If you’ve just started taking insulin, or if it has been awhile since you received instructions, it may be worthwhile to review a few facts on the storage and use of insulin.

  • The insulin bottle being used can be kept at room temperature if the room is less than 86°F.
  • If it is hot or very humid, store the bottle you are using the refrigerator.
  • You may warm the insulin to room temperature before using it. Usually this will cause less irritation than chilled insulin does.
  • Insulin will be fine to use for 28 days after opening even when kept at room temperature.
  • Extra bottles of insulin should be kept in the refrigerator.
  • Insulin should never be frozen. Extremes of temperature can cause insulin to lose its potency.
  • Always check the bottle for off color or “stringiness.” If the color is unusual or if the insulin doesn’t mix well, don’t use it.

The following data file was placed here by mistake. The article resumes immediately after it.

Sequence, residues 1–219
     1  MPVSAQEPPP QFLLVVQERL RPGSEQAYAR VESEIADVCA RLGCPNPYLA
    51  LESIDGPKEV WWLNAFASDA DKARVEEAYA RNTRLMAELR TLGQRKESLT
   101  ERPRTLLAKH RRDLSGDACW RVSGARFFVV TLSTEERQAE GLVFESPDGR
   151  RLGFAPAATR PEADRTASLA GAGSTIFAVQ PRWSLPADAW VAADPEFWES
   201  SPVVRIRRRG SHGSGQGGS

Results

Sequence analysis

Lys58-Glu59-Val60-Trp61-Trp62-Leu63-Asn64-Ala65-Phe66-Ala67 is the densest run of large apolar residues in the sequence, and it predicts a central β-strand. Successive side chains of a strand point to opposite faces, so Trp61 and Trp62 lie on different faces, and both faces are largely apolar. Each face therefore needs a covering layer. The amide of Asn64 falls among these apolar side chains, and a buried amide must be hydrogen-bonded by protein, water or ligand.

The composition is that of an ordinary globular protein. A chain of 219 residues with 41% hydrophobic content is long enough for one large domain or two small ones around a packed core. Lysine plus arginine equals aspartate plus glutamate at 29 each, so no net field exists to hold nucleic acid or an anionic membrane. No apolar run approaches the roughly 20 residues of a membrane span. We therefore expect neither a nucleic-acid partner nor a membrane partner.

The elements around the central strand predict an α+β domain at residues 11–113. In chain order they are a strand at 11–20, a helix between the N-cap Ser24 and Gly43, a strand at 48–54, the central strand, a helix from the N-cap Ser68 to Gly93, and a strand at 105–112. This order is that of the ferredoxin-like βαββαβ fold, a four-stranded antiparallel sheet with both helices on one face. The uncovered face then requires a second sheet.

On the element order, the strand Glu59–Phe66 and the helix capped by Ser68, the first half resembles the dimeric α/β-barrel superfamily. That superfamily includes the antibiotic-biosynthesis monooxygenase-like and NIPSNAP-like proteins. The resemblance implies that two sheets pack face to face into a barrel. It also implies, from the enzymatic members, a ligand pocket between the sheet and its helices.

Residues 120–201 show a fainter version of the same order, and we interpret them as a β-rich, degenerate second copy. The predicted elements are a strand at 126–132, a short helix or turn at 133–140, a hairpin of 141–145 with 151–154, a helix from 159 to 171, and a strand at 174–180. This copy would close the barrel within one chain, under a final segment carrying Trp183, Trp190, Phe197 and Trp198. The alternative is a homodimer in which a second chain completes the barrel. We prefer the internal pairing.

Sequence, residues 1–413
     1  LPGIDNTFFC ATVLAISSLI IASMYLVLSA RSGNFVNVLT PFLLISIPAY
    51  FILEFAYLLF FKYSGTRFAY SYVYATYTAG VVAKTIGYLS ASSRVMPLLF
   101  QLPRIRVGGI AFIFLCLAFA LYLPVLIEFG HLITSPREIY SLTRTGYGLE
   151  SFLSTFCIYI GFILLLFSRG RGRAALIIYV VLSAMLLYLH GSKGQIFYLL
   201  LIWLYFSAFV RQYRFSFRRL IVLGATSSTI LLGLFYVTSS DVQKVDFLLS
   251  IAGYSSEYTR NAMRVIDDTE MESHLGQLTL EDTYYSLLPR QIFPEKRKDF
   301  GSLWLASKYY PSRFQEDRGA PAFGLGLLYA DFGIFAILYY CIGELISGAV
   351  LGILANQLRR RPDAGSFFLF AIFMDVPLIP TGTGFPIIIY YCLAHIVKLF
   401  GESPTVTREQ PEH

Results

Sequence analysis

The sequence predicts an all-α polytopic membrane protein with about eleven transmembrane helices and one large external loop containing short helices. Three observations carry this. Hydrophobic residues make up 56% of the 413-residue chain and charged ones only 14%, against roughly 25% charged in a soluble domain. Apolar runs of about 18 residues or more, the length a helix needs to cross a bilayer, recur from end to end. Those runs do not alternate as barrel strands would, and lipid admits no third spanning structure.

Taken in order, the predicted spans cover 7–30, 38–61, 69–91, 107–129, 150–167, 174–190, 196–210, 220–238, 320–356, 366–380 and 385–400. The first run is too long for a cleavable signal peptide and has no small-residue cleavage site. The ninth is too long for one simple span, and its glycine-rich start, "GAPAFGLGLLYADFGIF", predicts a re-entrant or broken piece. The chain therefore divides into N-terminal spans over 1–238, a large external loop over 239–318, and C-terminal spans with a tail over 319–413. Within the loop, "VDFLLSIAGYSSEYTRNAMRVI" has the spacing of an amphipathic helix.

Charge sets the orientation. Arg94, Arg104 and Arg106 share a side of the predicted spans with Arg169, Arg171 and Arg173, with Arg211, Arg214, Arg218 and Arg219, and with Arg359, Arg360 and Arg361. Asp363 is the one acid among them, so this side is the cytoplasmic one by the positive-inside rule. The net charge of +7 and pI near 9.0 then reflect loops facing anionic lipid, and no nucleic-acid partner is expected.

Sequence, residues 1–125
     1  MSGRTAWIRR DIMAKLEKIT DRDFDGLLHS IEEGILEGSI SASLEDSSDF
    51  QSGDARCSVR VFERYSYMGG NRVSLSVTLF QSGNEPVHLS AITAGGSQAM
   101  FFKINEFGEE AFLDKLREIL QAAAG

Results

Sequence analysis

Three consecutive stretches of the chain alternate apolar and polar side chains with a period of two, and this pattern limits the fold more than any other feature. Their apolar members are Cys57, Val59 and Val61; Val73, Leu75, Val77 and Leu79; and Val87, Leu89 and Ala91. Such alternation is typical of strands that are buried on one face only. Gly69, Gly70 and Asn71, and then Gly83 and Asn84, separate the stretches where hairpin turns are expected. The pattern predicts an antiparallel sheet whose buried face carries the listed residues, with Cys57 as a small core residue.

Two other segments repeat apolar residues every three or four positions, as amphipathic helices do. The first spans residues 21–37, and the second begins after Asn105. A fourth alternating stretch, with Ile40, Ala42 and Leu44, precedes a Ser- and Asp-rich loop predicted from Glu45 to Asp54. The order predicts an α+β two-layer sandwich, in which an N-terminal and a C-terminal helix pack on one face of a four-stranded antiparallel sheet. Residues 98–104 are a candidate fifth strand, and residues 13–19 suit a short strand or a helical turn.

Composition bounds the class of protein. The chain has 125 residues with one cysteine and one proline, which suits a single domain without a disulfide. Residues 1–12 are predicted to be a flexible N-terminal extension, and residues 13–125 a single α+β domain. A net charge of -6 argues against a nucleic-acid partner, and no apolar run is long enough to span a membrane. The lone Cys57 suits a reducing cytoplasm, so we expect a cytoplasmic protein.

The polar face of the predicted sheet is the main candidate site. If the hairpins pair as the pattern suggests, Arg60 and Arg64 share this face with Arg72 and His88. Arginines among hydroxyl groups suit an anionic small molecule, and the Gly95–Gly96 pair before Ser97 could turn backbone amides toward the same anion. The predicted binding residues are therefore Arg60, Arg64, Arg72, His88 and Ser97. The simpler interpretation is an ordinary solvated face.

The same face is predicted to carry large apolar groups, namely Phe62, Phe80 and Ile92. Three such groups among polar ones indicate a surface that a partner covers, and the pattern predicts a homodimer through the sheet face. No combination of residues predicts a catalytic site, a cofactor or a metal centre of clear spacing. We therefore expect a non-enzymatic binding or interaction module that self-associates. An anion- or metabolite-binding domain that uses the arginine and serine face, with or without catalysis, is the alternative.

• Clear insulin does not need to be mixed.
  • Longer acting insulins are often cloudy and need to be mixed by rolling or shaking gently.
  • Check the expiration date on the bottle or box. If it is past the expiration date, don’t use it.
  • Calculate how many doses you can get from a bottle so the insulin doesn’t expire before you use it. If you are not sure how many doses you should be able to get from a bottle, ask your pharmacist.

Whenever you have a question about your medication, call your pharmacist or ask your doctor. Ask that the information be written so that you can refer to it again later. Write the name and dose of the medication on the instructions because instructions may change when medications change.

New Resources

Although not “new,” the book 'Psyching Out Diabetes: A Positive Approach to Negative Emotions' by Dr. Richard Rubin may be a good place to start if you or a friend or relative needs some extra support. The book is 269 pages and has chapters dealing with denial, obsession, anger, depression, grief, fear, frustration, guilt, embarrassment, psychological help, and positive framing.

Published by NTC Contemporary Publishing, Chicago, 1997. Paperback and hardback. $12 –22. Available through amazon.com, diabetes.com and many local bookstores.

About Diabetes | Food & Diabetes | Medications & Diabetes | Current Issue | Archive | En Español